Designed by local design consultancy The Press Room, the train features eye-catching images that defy the darker, more serious visual themes that often surround the topic of mental health. The campaign aims to take a different approach, by creating uplifting and colourful interactive elements such as a friendly cloud pouring rainbows on the seated commuters, and floor stickers prompting commuters to ponder if they are a caregiver. The train will run for four weeks starting today and is expected to reach over 52,000 commuters using the 16 stations between the Northern and Eastern regions of Singapore.


Commuters can scan a QR code that leads them to the campaign website at www.cal.org.sg/hiddenheroes. More useful information and caregiver stories will be added to the website and social media channels through the month.


Snippets of facts, real-life stories and data draw attention to the fact that that 1 in every 4 people on the train could be a caregiver, and commuters are encouraged to scan a QR code that leads to an online library of stories, information about mental health caregiving, campaign partners and their caregiver-relevant service offerings.


The panels above the windows give a glimpse into the lives of the different types of caregivers.


The campaign seeks to challenge the caregiver stereotype, presenting caregivers of various ages, genders and backgrounds to highlight the fact that anyone can be a caregiver; and that each person with mental health concerns likely has several secondary caregivers who are just as vital to the person’s well-being.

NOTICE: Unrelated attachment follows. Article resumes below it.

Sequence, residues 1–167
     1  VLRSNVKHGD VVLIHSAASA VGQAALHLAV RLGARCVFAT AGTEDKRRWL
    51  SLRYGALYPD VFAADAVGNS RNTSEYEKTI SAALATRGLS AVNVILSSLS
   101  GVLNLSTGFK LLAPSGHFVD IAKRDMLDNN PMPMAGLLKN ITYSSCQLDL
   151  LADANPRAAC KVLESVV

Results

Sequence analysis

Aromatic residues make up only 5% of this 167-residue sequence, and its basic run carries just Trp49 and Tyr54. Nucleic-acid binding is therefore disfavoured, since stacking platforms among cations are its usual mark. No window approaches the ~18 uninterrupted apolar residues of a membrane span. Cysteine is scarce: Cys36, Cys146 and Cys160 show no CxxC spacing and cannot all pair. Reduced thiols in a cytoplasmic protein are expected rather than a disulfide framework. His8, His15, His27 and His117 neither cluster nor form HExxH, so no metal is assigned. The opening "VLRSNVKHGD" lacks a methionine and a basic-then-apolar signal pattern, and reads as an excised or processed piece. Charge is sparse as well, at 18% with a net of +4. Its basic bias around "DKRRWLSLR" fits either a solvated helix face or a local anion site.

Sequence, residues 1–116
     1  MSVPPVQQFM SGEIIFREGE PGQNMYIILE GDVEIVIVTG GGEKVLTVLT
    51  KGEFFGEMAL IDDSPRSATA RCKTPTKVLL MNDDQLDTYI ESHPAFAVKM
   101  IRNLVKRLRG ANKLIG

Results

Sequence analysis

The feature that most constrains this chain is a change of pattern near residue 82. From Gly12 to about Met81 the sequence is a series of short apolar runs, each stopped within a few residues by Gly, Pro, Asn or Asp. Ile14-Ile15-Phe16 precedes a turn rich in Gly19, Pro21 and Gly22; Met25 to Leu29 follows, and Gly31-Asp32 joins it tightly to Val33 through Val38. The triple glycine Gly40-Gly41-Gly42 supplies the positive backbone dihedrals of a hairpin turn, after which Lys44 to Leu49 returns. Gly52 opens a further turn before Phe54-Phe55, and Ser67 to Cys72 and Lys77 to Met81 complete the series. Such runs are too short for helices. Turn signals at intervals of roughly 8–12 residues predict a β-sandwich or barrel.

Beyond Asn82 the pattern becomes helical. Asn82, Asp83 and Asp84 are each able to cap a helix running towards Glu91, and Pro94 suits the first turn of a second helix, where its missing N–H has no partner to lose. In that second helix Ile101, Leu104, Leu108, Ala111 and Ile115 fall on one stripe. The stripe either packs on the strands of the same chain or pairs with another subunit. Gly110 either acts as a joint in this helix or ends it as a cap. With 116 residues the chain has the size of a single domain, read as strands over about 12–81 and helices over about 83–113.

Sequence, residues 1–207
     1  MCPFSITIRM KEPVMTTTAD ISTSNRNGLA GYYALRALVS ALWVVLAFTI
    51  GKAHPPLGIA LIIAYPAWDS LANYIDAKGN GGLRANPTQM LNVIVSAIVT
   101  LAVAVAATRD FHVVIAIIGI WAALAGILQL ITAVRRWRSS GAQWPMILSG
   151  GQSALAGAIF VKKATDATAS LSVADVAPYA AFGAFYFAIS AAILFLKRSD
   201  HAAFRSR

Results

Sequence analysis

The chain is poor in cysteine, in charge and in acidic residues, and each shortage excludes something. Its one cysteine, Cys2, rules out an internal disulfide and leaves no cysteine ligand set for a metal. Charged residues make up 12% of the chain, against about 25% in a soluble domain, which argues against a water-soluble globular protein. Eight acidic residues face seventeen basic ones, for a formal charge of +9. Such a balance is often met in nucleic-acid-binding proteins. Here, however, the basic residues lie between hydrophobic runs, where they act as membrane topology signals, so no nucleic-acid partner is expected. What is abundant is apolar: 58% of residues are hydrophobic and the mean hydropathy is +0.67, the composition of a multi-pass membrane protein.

Caregivers and their stories of struggle and hope are a key element of the campaign, with schizophrenia, depression, anxiety and eating disorders being highlighted on the train visuals.


“In asking people to reflect on whether they are caregivers, and by sharing real life stories from caregivers across the demographic spectrum, we hope to prompt conversations about caregiving and realise that in some way or other, most of us are or will be caregivers,” said Mr Lee.


For more information, please contact:


Ms Tricia Lee Head of Communications, Caregivers Alliance Limited Email: tricialee@cal.org.sg

Mobile: +65 9150 7199 Ms Grace Lim

Communications Executive, Caregivers Alliance Limited Email: gracelim@cal.org.sg

Mobile: +65 9824 5141



About Caregivers Alliance Limited (CAL)


CAL is the only non-profit organisation in Singapore dedicated to training and empowering mental health caregivers through education and support. Support for this group is crucial as their journey can be physically, mentally and emotionally demanding.


The Caregivers-to-Caregivers (C2C) Programme for Persons with Mental Health Issues (PMHI) is CAL's signature training programme. It is a fully funded 12-week course for caregivers to gain in-depth understanding of mental health conditions, and enable them to care for their loved ones better through learning about self-care, communication, resilience building, advocacy and available community resources.


CAL also offers 8-week Dementia and Eating Disorder programmes, as well as a Young Caregiver Programme for those aged between 15 and 35.


For more information about CAL, visit www.cal.org.sg.